(This opinion piece ran in the San Francisco Chronicle on Aug. 28, 2018)
By Jim Wunderman
Apart from a famous Mark Twain quote involving whiskey and fighting, no cliché about California water is more abused than the phrase “water wars.” However, in the instance of the State Water Board’s plan to restore the San Joaquin River, the label fits. War has been declared on the Bay Area’s largest source of freshwater, with grave implications for residents and businesses that go way beyond letting your lawn go brown.
At issue is a proposal to increase freshwater flows on the San Joaquin River. The plan targets the San Joaquin’s three major tributaries—the Stanislaus, Merced, and Tuolumne Rivers—and would require the farms and cities that divert water from those rivers to scale back their diversions to leave more water for the environment.
The Bay Area has a big dog in this fight. The Tuolumne River is the region’s single largest source of freshwater, used by 2.7 million people in 33 cities across Alameda, San Francisco, Santa Clara, and San Mateo counties.
The San Francisco Public Utilities Commission, which manages the Bay Area’s Tuolumne River supplies, estimates the Bay Area could be required to provide as much as 52 percent of any new flows mandated by the State Water Board’s plan, even though the region only diverts about 14 percent of the river’s water. Central Valley farmers, meanwhile, divert more than three times that volume.
Under this scenario, huge portions of the Bay Area would immediately face water rationing on the order of 20-30 percent beyond the conservation rates achieved during the recent drought. Since the Bay Area’s Tuolumne River water users are already among the most frugal in California (residents use just 54 gallons per capita per day compared to the statewide average of 82 gallons), some communities would be forced to achieve water use rates unseen anywhere in the developed world. Daly City, Hayward, Millbrae, Palo Alto, Redwood City, and even San Francisco could all be forced to impose emergency moratoria on building everything from schools and parks, to hospitals and housing.
The State Water Board has dismissed these concerns with the extraordinary argument that these very hardships would force the Bay Area to invest in creating alternative water supplies. Assuming developing alternative supplies at this scale is even possible or affordable, the Water Board plan is slated to go into effect in 2022. The Bay Area could be forced to operate under severe water rationing for possibly decades.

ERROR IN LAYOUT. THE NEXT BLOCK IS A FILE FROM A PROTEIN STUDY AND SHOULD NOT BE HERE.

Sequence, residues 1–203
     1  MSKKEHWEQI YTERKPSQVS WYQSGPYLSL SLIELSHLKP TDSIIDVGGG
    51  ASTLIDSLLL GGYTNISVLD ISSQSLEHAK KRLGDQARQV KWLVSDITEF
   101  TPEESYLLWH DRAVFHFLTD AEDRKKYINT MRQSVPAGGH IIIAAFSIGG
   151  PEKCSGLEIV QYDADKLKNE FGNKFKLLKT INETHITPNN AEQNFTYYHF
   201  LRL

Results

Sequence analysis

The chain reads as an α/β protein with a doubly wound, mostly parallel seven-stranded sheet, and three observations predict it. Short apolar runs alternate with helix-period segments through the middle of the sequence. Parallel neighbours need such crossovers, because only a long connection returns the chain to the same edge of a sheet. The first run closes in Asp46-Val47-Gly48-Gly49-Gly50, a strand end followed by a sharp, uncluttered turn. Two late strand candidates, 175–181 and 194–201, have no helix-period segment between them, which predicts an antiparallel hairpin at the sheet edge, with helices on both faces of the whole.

There’s a huge irony in the state using environmentalism to push policies that will inhibit growth in some of California’s most sustainable locales while promoting sprawl elsewhere. Perhaps most troubling, the plan provides no guarantees that water left in the Tuolumne River wouldn’t merely be diverted at downstream pumps operated by Central Valley farmers and Southern California users.
Since the Gold Rush, California has awarded legal rights to about five times more water than nature delivers. It’s no surprise that water policy decisions are rife with legal conflict, and rivers that once sustained hundreds of thousands of salmon have been reduced to tepid puddles. Without some sort of grand bargain that connects conservation and new environmental water with major new investments in storage, habitat, recycling, and conveyance, piecemeal efforts like the State Water Board’s plan are likely doomed to wallow for decades in fruitless litigation. Bay Area residents and businesses should contact California Natural Resources Secretary John Laird and urge him to reject the current Bay-Delta Water Quality Control Plan.